Venezuela´s response to food shortages? Grow your own food at home

Amid the worst economic crisis Venezuela has faced in decades, the self-described "revolutionary" government led by President Nicolas Maduro has set in motion a revolutionary idea to solve the acute food shortages: let’s become producers at home.

“Cilia and I have 50 chickens in our house,” said Maduro recently, referring to his wife. “It’s time to develop a new culture of production,” he added, before announcing the creation of yet another ministry called the Urban Farming Ministry.

The new institution is headed by Emma Ortega, a left-wing and colorful activist known to be a longtime friend of President Maduro.

“People have to solve the current emergency cultivating in any available space,” she said this week during a first meeting of urban farmers in Caracas. “We just need sun, water and a lot of hearth. Currently our cities are just food consumers and parasites,” she noted.

Ortega, who likes to sing during public events, doesn’t hide her hard feelings toward the United States either.

“If a gringo comes here, we have to beat him with a stick. If we just have a pencil, we have to poke him in the eyes,” said the 62-year-old farmer and ceramist back in March of 2015, after the U.S. sanctioned seven Venezuelan government officials for their alleged violation of human rights.

In the past few years, Venezuela has grown increasingly dependent on food imports to cover the needs of its 30 million people. But the dramatic drop in oil prices greatly reduced its purchasing power, which explains the persistent scarcity of the most basic goods and the snaky lines all over the country.

The socialist government is offering workshops and classes to enlighten those who know nothing about farming. In an interview with Fox News Latino, Maria Jimenez, a field technician with the government-run Siare Foundation, explained that all that is required is “any available place at your house with enough light.”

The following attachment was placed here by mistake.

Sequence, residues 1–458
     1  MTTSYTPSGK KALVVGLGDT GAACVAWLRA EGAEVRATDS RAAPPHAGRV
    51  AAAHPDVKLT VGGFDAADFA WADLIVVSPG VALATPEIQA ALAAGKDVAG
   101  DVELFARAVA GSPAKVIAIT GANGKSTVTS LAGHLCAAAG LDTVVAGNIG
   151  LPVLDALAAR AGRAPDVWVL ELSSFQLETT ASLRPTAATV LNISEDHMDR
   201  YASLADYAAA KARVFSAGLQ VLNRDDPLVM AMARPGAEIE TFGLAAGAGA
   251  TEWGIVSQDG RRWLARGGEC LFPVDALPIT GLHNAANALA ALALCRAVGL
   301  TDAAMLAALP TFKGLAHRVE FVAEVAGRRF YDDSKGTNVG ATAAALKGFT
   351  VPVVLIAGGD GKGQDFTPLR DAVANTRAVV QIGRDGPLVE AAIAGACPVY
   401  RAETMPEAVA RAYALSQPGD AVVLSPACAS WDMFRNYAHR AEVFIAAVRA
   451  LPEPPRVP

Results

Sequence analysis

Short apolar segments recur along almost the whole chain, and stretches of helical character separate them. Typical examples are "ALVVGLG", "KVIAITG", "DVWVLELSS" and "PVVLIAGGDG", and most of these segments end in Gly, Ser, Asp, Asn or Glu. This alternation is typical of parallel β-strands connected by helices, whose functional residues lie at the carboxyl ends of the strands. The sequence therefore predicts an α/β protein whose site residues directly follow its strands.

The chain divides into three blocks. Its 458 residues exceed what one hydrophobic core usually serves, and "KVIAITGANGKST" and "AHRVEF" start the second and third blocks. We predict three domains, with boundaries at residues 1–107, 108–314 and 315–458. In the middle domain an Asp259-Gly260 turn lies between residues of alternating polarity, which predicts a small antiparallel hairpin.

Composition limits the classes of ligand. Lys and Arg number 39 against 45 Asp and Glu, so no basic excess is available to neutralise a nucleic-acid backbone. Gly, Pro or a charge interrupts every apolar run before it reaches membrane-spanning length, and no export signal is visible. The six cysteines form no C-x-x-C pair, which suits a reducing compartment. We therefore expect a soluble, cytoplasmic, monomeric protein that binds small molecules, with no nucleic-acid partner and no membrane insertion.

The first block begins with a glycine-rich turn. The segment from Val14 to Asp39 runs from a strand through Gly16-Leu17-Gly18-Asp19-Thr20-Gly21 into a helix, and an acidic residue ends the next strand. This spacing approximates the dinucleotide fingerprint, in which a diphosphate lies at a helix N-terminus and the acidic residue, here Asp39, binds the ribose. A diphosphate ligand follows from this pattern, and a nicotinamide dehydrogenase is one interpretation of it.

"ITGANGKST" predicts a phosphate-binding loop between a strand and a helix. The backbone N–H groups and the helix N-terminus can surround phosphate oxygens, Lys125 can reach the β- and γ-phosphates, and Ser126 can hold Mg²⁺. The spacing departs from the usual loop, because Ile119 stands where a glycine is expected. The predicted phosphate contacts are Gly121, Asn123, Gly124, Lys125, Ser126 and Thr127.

“In a balcony you can cultivate in self-made wooden tables or in bottles,” she said. “You can grow tomatoes, chives, cayenne, pepper and much more.”

One of the few urban farming initiatives already underway in Caracas is the Bolivar’s Crops Center, a 27,000 square-foot area located in the middle of downtown. It was refurbished in 2015 and pro-government groups are now growing 20 different produce there, from lettuce and spinach to tomato, onions and some medicinal plants.

According to Minister Ortega, the goal is to extend urban farming to every neighborhood of Venezuela’s urban areas.

“If a building has 120 apartments and they all have crops, they could even exchange the different produce they grow,” she said.

But not everybody is so upbeat about the plan.

“Venezuela’s food production problems will not be solved with urban farming. They are caused by macroeconomic imbalances that need to be corrected,” said Tomas Socias, economist and former president of Venezuela’s Chamber of Food Industry.

Socias argued that the price controls currently in place for certain goods has to be lifted and that the government needs to subsidize producers who are idle due to their inability to import resources.

“Ninety percent of the products made here need foreign raw material. That requires dollars and for that the government has to stop importing food to activate the national production again,” the expert said.

Socias also thinks that the creation of new ministries is pointless at a time when the government should be cutting spending.

Along with the Urban Farming Ministry, Maduro announced the creation of the Departments of Marine Life and Fisheries, and the Department of Agricultural Production and Land.

“These three ministries could work as one,” Socias suggested.

Ortega admitted to FNL that the urban farming plan requires important improvements. For starters, there is no official registry of the farming activity in urban areas.

“That’s is why we are meeting today,” Ortega said before Tuesday’s event.